Monday, July 6, 2015

Getting Ready for Round Four

That wonderful little app on my iPhone popped up the other day with a Time Hop that really took me back.

In it I was anticipating meeting my first granddaughter after having been to a weekend yard sale and purchased some things for the baby whose birth was still about six weeks away.



Has it been that long since I was forty-something grandmother-to-be? Since my daughter and I agreed I would be christened "Mimi" by this first little bundle of joy (although even then I insisted I would respond to whatever she named me, just as my own sweet Ma Mary had when I was the firstborn grandchild)?

Honestly, it feels like a lifetime (and in it has been, E1's anyway) since I became, in E1's naming, Ma.

Just when I thought things would be gearing down a bit this fall with that first little girl heading off to school, my daughter and son-in-law delivered an April Fool's day surprise. "We're pregnant," my son-in-law announced, almost as an afterthought after loading up the girls on April 1 and backing down the drive.

In fact, he did pull back up and didn't get out of the car. There was some fear of violence on my part. He said my daughter made him tell me because she fully expected to be slapped. Perhaps her fear was not without merit. Before number three I had at least been consulted about my plans for the next five years, so it did come as more than a bit of a shock.

It was much like E1, who was a bit of a surprise and perhaps not quite planned. Two came along quicker than anticipated and Three was debated and planned. Four, however, well, I was reduced to tears.

I've had time to come around, but that day another baby wasn't something I wanted in my future.

The mantle of grandmother sits uncomfortably on my shoulders at times.

There are times when I wish my granddaughters could have the grandmother (Ma Mary) that I had. She was plump and well padded and gave the best hugs in the world. There were always vegetables for dinner and something sweet for dessert. If you showed up at an odd time, there were cheese sandwiches to be grilled or a stash of cookies or candy to be delved into. She worked 40 hours a week sewing baby clothes in a local mill, but still had time to make me the world's greatest doll clothes. Her garden with its towering rows of corn and tiers of beans was an adventure. Her house was always spotless and welcoming, the perfect place to watch "Batman" when I was a grade schooler and TV was still black and white and in the den, or lick my adolescent emotional wounds after some school or home drama, or nap while she was more than glad to take on looking after a baby or two when I was a mother myself.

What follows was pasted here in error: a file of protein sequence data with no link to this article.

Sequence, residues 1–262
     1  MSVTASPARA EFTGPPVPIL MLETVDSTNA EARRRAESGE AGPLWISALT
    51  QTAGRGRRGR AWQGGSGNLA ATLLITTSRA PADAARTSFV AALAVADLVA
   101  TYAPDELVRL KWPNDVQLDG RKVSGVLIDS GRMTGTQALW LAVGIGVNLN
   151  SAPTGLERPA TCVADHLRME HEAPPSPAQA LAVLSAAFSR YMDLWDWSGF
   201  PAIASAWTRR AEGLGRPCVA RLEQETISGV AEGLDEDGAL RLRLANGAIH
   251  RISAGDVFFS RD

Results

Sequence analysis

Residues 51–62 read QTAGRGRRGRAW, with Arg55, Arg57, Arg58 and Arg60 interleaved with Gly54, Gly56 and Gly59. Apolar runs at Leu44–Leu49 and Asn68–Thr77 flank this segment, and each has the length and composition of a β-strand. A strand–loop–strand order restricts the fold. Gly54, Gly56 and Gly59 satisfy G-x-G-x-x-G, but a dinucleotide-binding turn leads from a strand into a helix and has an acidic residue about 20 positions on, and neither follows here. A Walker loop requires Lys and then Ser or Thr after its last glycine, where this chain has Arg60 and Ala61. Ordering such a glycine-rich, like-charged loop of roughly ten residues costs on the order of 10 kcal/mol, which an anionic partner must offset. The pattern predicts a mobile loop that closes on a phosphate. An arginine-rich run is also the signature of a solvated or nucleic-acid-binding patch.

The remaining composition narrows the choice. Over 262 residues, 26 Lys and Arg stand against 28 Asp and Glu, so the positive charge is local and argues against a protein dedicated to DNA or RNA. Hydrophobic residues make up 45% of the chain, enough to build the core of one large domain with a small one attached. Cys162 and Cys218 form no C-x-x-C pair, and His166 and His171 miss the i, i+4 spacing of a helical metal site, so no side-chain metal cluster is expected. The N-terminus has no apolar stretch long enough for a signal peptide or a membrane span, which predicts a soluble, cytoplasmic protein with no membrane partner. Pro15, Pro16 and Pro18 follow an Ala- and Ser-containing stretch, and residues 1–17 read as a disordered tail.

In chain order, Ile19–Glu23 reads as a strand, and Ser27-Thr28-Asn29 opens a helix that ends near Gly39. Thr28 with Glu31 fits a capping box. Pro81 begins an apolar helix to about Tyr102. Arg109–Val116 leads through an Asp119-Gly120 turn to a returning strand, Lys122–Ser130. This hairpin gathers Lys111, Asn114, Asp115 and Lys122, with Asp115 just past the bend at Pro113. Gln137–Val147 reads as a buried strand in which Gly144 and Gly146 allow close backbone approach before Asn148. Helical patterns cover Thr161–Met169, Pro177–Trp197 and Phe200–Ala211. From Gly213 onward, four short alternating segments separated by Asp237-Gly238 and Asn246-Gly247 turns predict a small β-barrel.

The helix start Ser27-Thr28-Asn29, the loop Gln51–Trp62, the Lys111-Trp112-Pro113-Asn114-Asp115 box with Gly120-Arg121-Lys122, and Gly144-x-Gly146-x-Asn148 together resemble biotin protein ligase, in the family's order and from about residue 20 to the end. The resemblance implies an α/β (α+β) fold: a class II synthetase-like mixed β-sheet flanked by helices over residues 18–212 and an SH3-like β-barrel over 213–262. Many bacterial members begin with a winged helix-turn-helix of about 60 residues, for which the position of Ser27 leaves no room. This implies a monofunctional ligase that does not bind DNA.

It staggers me sometimes to think that while I was dragged into the status of grandmother still kicking and screaming at 47, Ma became a grandmother when she was a decade younger and was already a great-grandmother at my age. Yet I was still a small child when I complained about her not coloring her hair any more and she hid her beautiful white curls for decades longer. By the time she was the age I am now, I was a teenager on the brink of driving. She was still young in years, but in my eyes already an old lady defined by girdles and big bras, cataracts and home hair coloring.

She's been gone more than a decade, slipping away in her early 80s, her life in those days defined by glaucoma and diabetes, thick glasses and a walker, the fear of falling and the equal dread of being a burden or going to a nursing home.

In many ways her course has defined life for my mother, myself, and to a level already my daughter, as we seem determined to avoid her fate if possible. My mother, now a decade younger than my grandmother when she died, is still small and thanks to a rescue dog adopted last fall, walks every day. She tries to eat good and complains about not having the stamina of her younger days. I'm actively fighting weight gain and muscle loss as well, remembering the things that crippled my beloved grandma.